Australia: Police officer faces charges for killing Aboriginal prisoner

The Labor government in the Australian state of Queensland was forced last Friday to announce it would prepare charges against a senior police officer for killing an Aboriginal prisoner in November 2004. A week later, charges have still to be laid. If the case proceeds, it will be the first time that a police or prison officer has faced trial for any of the more than 250 indigenous deaths in custody across Australia since 1980.

Last December, the state’s Director of Public Prosecutions (DPP) decided not to prosecute Senior Sergeant Chris Hurley for the death of Mulrunji Doomagee, 36, in a police cell on Palm Island, a notorious former penal camp for indigenous people.

Labor premier Peter Beattie originally defended the decision by DPP Leanne Clare and the accompanying announcement by his government’s Crime and Misconduct Commission (CMC) that no police officer would even face disciplinary charges over the killing and subsequent police cover-up.

In making her finding, Clare rejected, without explanation, a detailed report by Acting State Coroner Christine Clements. Clements had carefully reviewed the medical evidence and eye-witness accounts, and then concluded that Hurley bashed Doomagee, causing four broken ribs and a torn liver, and “callously” left him to die, ignoring his cries for help.

Clements specifically accepted the evidence of an Aboriginal witness, Roy Bramwell, that Hurley repeatedly punched Doomagee while he lay prostrate on the floor. The coroner further ruled that Mulrunji’s arrest for “public nuisance” was “completely unjustified”. Moreover, the initial police investigation of the death—conducted by personal friends of Hurley—was “reprehensive”.

In fact, Hurley picked up the police investigators at the airport and took them home for a meal. The Queensland police are so accustomed to attacking Aboriginal people with impunity that Hurley, the officer-in-charge on Palm Island, was confident of exoneration.

The DPP’s refusal to place Hurley on trial caused outrage in indigenous communities and among wide layers of working people. Angry demonstrations were held in Queensland and elsewhere. But Beattie defended the DPP and called in police reinforcements to suppress protests on Palm Island and in nearby Townsville.

Two days later, on December 16, the Murdoch media launched a campaign to reverse the decision. An Australian editorial declared: “[T]he Premier cannot ignore the need to end the appearance created by this wretched affair that the justice system in Queensland favours the powerful and ignores the interests of ordinary people. Particularly when they are black.”

For many years, Murdoch’s outlets have been in the forefront of “law and order” campaigns to boost police powers and resources. Since 2001, they have exploited the bogus “war on terror” to agitate for police-state measures that overturn long-standing legal and democratic rights. The Australian’s concern in this case was that the cover-up of Doomagee’s killing was so blatant that it served to compromise this agenda. A more sophisticated whitewash was required so that “justice appeared to be done”.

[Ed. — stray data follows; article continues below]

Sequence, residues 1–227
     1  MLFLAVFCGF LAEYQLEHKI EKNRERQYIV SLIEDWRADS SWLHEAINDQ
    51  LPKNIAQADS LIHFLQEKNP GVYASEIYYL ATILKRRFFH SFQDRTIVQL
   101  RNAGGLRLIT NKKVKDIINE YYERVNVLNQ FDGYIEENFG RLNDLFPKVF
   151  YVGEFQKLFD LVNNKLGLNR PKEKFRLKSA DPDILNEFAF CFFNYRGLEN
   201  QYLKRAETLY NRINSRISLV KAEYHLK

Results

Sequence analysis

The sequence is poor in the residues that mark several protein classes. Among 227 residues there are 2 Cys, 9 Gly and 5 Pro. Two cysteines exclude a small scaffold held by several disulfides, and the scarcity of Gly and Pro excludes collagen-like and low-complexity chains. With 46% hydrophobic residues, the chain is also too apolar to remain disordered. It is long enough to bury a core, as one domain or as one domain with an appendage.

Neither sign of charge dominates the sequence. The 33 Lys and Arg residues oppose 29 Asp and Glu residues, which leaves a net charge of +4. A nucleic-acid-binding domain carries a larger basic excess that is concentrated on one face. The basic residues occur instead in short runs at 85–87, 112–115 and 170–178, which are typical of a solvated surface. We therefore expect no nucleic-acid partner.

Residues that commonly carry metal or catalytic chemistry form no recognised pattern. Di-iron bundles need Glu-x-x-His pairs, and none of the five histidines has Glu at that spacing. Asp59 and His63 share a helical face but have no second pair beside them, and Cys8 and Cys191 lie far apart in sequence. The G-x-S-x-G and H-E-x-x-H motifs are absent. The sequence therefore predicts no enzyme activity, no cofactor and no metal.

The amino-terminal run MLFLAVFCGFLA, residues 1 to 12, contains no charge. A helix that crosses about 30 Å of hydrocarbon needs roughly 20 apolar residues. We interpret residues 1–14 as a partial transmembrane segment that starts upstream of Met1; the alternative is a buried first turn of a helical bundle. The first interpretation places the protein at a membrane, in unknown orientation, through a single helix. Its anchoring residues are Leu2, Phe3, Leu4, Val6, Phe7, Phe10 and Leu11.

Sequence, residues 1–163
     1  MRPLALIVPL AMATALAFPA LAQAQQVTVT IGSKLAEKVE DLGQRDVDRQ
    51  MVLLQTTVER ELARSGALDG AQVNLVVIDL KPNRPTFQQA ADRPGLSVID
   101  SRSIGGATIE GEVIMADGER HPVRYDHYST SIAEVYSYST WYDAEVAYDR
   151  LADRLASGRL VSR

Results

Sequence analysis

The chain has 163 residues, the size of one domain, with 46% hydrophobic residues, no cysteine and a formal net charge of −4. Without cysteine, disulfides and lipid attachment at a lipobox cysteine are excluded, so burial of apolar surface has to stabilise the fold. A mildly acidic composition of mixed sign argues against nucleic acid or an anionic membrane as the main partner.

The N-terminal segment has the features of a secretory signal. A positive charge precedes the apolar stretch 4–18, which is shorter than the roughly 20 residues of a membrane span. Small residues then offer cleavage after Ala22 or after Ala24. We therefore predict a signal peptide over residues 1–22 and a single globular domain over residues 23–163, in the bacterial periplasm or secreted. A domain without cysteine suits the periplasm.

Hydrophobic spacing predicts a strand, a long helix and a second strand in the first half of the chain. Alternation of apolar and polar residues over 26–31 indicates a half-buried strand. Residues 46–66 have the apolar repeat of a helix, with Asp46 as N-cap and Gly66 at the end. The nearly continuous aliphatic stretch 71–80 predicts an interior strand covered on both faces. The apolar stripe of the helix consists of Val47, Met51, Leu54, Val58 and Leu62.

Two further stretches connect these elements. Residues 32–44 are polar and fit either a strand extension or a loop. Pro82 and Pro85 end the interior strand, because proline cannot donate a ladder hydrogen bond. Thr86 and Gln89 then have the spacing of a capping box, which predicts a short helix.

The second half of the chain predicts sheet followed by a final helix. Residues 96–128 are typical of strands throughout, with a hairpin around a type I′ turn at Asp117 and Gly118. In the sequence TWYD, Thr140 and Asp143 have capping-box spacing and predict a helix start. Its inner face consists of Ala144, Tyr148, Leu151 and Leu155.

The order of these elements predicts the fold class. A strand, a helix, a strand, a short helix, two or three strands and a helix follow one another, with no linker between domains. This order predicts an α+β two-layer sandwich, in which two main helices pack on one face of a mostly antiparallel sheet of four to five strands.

Beattie soon began to back down. On December 22, his government appointed a retired judge, Pat Shanahan, to conduct a review. Only five days later, however, Shanahan was obliged to stand aside when it emerged that he had helped select Clare for the DPP post. Former New South Wales chief justice Laurence Street was then appointed to take over the review.

After just three weeks, Street delivered to the government his legal opinion that “there is a reasonable prospect of a conviction” for manslaughter. The government had no choice but to announce that charges would be laid. For all the pretence of following due process, Beattie publicly attributed the about-face to the campaign waged by the Australian. “I acknowledge that the issues raised by the Australian dictated that we had to get another opinion and Sir Laurence provided the answers to those issues,” he stated.

The Doomagee affair has served to intensify growing popular opposition to Beattie’s government. It faces deep discontent over appalling conditions in the public health system, poor government schools, critical water shortages and atrocious social conditions in many of the state’s indigenous communities. Significantly, among those now calling for Beattie to resign are Doomagee’s widow, Tracey Twaddle, and her sister, Elizabeth Clay.

Twaddle told reporters: “I want them to answer why there has been a cover-up, why this has taken so long. This has taken too long. The police let [Hurley’s] buddies investigate the death.” Clay called for all death-in-custody cases to be reviewed. She said: “I think Peter Beattie should resign. This whole judicial system needs to be reviewed. All the deaths should be re-investigated.”

The Queensland Police Union has responded with outrage to Beattie’s announcement—declaring it is “incensed” at Hurley’s “unfair” treatment. It has called statewide stopwork meetings, launched a media advertising blitz against the government and called the first ever march on parliament by the state’s 9,200 police officers.

Beattie and Police Minister Judy Spence, who has a close relationship with the police union, are seeking to appease the police. Spence defended the planned march on parliament, slandering Aboriginal people in the process. “Police really do want to send government and the general public a message,” she said. “They want people to realise how difficult it is to police an Aboriginal community. It must be one of the toughest jobs in the world.”

With the government’s support, Senior Sergeant Hurley has been suspended from duty but kept on full pay. This is in sharp contrast to the scores of Palm Island residents who were imprisoned and refused bail, mostly on charges of property damage, for participating in the November 2004 riot sparked by the initial cover-up of Doomagee’s death.